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If we wish to change the person we find ourselves to be, we must change our thinking.
January 24th, 2020
Think of what it’ll be like when you go to bed tonight. It’ll most likely be dark, and quiet. Now here’s the question. If you drifted off to sleep, and slept for exactly 24 hours and woke up in the exact same conditions, that is, it’s dark in just the same way and it seems to be just about the same time, would you know that a day had passed?
Other than the fact that you might feel incredibly refreshed and energized, the answer is no. Unless you look at your phone for the date, or corroborate the missing time with other details, say the fact that you missed work, there’s simply no way to tell that time has past. Even if you’d had a slew of intense dreams, we’re all familiar with the experience of hitting the snooze button and having what seems like hours worth of dreaming in just a couple minutes.
This begins to unpack an unappreciated conundrum regarding time and our experience of it.
From a subjective point of view, time is not uniform. It ebbs and flows, it stops and then stitches itself together with huge gaps missing.
We’re all familiar with the experience of time seeming to crawl while we endure some less than ideal circumstance, like a boring day at work or school. Minutes seem to have complete painstaking lives of their own.
But when we have fun, time seems to fall away like cash on a spending spree.
However, regardless of how it slows down or speeds up, or stitches itself together across deleted portions, for us, our experience of time is endless.
But we die, you might say.
True, there’s a lot of evidence that points out the probable fact that we will all die. However, there lies a subtle unseen aspect of this experience.
The end of one’s time with death seems like an endpoint because everyone else who continues to live can mark that end point in a larger context.
This is an important point. The only reason there is an ‘end’ to anything is because people from other perspectives can place the duration of something, or in this case someone’s life in a larger piece of time. But for the person who has passed away, the experience of this expanded time quite literally doesn’t exist. The only way to be truly aware of the end of your life would be to experience the world after you cease to exist, which is of course a contradiction of terms.
The point of this exercise is to highlight something about our subjective experience of time. That is, since it’s dependent on our waking conscious existence, then our subjective experience of time and our life is that it never ends, our life is subjectively infinite. The moment we pass away, our life stops in time from the point of view of others, but from our own point of view, time ceases to exist. There is no future second, minute or hour during which we can look back and say that was my life and it ended right there. This inability to be aware of this end means that from our subjective point of view, it quite literally has no end. The awkward alternative is to say that our experience of time is infinite. This sounds ridiculous only because we quickly imagine that other people and the world will continue to persist beyond our life, but this is an imagined fiction. We have no way of accessing and experiencing those potential facts. We arrive at this imagined fiction inductively from the fact that other people have died, but this always fails to take into account what the subjective experience of time would be.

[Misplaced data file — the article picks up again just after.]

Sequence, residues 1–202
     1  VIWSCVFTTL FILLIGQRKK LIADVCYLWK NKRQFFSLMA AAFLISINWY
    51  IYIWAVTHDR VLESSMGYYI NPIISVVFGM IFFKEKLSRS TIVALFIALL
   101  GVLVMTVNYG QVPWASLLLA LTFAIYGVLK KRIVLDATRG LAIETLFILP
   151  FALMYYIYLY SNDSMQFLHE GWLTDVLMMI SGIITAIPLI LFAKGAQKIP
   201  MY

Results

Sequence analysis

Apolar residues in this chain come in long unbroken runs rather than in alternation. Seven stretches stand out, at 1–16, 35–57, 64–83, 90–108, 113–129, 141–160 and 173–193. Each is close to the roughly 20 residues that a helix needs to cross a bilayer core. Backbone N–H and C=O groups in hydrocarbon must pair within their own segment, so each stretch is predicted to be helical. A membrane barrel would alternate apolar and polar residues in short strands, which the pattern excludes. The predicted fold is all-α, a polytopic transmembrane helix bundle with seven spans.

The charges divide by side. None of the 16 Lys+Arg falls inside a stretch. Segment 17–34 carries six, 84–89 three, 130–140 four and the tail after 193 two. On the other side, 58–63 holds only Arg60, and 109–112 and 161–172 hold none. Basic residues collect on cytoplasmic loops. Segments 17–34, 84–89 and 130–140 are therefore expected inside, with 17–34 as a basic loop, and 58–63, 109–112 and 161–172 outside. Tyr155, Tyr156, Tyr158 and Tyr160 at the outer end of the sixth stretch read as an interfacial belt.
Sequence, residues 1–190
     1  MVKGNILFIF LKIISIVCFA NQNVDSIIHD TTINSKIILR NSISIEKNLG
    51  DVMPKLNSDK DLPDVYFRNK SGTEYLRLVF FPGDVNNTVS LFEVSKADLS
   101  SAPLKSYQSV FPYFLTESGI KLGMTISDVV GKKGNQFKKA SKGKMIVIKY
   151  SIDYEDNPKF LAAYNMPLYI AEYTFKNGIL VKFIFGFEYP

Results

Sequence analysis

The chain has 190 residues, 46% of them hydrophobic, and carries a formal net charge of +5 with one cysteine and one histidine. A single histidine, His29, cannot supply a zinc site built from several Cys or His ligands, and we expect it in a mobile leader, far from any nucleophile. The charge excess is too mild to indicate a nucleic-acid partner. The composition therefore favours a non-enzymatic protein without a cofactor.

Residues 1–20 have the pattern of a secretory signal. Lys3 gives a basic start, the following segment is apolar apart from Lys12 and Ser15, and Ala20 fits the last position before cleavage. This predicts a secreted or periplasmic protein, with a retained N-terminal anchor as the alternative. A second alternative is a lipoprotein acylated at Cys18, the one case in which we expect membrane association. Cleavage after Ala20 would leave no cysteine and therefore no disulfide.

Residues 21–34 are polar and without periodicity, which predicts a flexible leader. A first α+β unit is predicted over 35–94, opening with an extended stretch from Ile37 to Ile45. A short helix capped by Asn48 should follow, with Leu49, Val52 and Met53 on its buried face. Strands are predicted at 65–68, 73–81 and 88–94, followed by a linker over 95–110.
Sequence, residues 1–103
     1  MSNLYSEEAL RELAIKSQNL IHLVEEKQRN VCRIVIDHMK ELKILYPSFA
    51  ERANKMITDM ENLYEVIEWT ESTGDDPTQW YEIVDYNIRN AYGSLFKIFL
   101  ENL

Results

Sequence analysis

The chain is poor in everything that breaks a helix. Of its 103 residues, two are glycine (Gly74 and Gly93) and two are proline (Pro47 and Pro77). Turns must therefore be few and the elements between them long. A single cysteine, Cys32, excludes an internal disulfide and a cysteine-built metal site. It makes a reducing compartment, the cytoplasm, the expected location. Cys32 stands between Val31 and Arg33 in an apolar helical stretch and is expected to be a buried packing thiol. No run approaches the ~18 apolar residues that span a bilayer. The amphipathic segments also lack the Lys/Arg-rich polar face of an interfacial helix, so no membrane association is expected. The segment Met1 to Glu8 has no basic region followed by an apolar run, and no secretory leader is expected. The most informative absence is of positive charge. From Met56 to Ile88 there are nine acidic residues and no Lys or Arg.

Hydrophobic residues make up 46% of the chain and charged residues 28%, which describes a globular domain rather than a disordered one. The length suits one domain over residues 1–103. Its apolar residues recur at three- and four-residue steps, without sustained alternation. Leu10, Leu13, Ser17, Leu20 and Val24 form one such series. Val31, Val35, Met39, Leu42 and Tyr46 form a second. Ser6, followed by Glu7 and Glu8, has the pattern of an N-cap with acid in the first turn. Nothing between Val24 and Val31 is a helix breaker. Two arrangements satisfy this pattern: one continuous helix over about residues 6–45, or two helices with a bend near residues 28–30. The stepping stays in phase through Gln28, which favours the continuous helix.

Another way to think about it is to go backwards: can you remember the moment you were born? No, or course not. We can all recall a few early memories, but it’s more accurate to say that our experience of time doesn’t really have a beginning. There is, however a point when we start remembering things in ways that we can recall, but this is no different than waking up in the morning. Your memory comes back on line. Perhaps you remember a few dreams, but you can’t remember every little toss and turn in the same way you can remember where you went at the end of the day.
While our conception of time and history allows us to place ourselves in a larger context, our own experience is one of a continually expanding, non stop ride.
We are in some sense strolling through infinity.
Albeit our own personal infinity.
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